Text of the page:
New Hyundai i20 N 2021 review
We get behind the wheel of the new 201bhp Hyundai i20 N hot hatch
The i20 N marks another impressive step for Hyundai’s performance division, mixing a fun chassis set-up with strong performance. It’s close to landing a knockout blow on the Fiesta ST on driving dynamics, but in its own way it matches the Ford for charm – and then goes on to outscore it on other attributes like space, standard kit and value for money. We’d say that makes it a pretty stellar hot supermini overall.
Hyundai is a brand casting a wide net at the moment. The Korean firm is getting really serious about its electric Ioniq sub-brand, but at the same time it’s still trying to establish N as a performance division.
It’s been making solid progress in both areas; the i30 N was a decent first effort as a hot hatch, and we were impressed by its smaller stablemate, the i20 N, when we tried it in left-hand-drive form earlier this year. Now we’ve had a chance to drive the finished right-hand-drive car on UK roads.
While the i30 N was conceived and developed after the base model had been launched, the Fiesta ST rival was stitched into the original design of this generation of i20. That meant input from day one from Albert Biermann, the former head of BMW’s M division who is now responsible for all of Hyundai’s vehicle dynamics. How has his team used this starting point? Rather well, it turns out. On paper at least, the i20 N has all the ingredients of a great small hot hatch.
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Used car tests
There’s a four-cylinder turbocharged petrol engine producing 201bhp and 275Nm of torque – enough for a 0-62mph time of 6.2 seconds and a top speed of 142mph. The transmission is a six-speed manual, equipped with a rev-matching function in case you don’t want to heel and toe yourself, and there’s also a mechanical limited-slip differential. The suspension is revised too, with sturdier knuckles at the front end and a beefed-up torsion beam at the rear. There’s more bracing across the chassis, in fact, and revised springs and dampers, plus more negative camber.
The new i20’s styling also gets a sharper focus too, with different bumpers that help to widen the car’s stance, and a prominent rear spoiler. Side skirts and 18-inch alloys complete a dramatic look, especially if the car is finished in N’s trademark blue paint.
Inside, there’s a couple of bucket seats that aren’t quite as supportive as you might want, but plenty of useful tech, including a standard 10.25-inch digital instrument panel, a touchscreen infotainment system that’s among the best in the class, wireless phone charging, a reversing camera with parking sensors, and climate control. It’s fully laden, then – but as in the regular i20, the finish of the materials is a bit hit and miss.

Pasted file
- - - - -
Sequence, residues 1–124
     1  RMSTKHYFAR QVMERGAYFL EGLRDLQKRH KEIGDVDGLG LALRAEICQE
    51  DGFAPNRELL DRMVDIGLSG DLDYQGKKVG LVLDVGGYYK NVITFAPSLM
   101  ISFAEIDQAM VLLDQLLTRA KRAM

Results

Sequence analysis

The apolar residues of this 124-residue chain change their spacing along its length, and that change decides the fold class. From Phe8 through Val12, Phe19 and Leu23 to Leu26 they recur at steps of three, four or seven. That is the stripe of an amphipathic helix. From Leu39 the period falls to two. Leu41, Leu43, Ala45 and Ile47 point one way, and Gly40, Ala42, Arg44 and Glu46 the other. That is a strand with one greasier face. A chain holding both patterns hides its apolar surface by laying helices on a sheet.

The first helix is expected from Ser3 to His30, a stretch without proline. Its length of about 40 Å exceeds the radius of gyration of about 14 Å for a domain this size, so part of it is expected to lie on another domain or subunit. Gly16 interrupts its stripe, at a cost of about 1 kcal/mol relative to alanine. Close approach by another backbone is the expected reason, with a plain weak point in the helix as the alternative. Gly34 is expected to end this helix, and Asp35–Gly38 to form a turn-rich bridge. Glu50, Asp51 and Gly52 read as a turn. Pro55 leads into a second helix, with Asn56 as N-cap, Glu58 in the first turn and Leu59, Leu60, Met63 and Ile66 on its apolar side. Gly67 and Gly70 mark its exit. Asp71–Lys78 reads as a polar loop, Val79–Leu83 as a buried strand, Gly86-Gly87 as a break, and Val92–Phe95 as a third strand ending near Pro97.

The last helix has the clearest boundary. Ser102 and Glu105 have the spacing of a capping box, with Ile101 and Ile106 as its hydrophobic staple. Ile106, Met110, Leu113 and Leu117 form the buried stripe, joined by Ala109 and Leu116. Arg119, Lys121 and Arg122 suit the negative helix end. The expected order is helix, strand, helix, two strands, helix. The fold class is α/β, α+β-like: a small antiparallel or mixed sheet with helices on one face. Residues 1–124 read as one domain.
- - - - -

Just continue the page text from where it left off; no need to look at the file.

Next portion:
At least it’s spacious, with 352 litres of boot capacity and rear seats that adults won’t complain about too much. It’s offered only with a five-door body, too, so access to the second row is easy enough.
But it’s on the road where the i20 N really has to deliver, and the good news is that Hyundai has produced a compelling offering. It has a slightly different mix of qualities to the Fiesta ST, perhaps, but this is still a car with real enthusiast appeal.
The engine produces its maximum torque across a decent spread, between 1,750rpm and 4,500rpm, and you’ll enjoy revving the unit out. It’s not the most characterful tone, and the artificial enhancement doesn’t improve matters, but there are at least little rally car-style gargles as you lift off the throttle.
That flexibility means you don’t have to flick between gears all the time, but if you do choose to do so, you’ll find the shift light and precise. And the rev-matching function – activated via modes that can be selected and customised on a pair of steering wheel buttons – does precisely what this sort of system should, by making you feel a true hero instead of a bit of a cheat.
The real star of the show, though, is the chassis. The front end has a colossal level of grip, giving you the confidence to carry prodigious speed into corners. That clever differential’s impact also gives a little boost to the nose’s response as you apply power mid-corner. And yes, there is a little bit of torque steer on cambered roads, but it’s mild. The overall impression is of a diff that’s been tuned to provide assistance with little trade-off.
The suspension has been set up according to the same principles, it would seem. You know you’re in a performance car, but on bumpier back roads the i20 shows admirable compliance at lower speeds that evolves into fine body control on the faster stuff.
Overall, the hot i20 feels every bit as fun as a 1,200kg car with 201bhp should. It’s more civilised than the i30 N, yet more enjoyable. We’d like a bit more feel through the steering, admittedly, but it’s quick and direct enough for you to throw inputs at the chassis – which, in turn, gives you feedback about what’s happening at each wheel.
Across the board, then, there’s not much to split the i20 N and the Fiesta. But spec the Ford to the same level and it’ll cost almost £1,000 more – and while the gap will undoubtedly ebb and flow if dealers play with discounts and deposit contributions, even on standard PCP terms the Hyundai will be about £250 cheaper over three years.
|Hyundai i20 N
|1.6-litre 4cyl turbo petrol
|Six-speed manual, front-wheel drive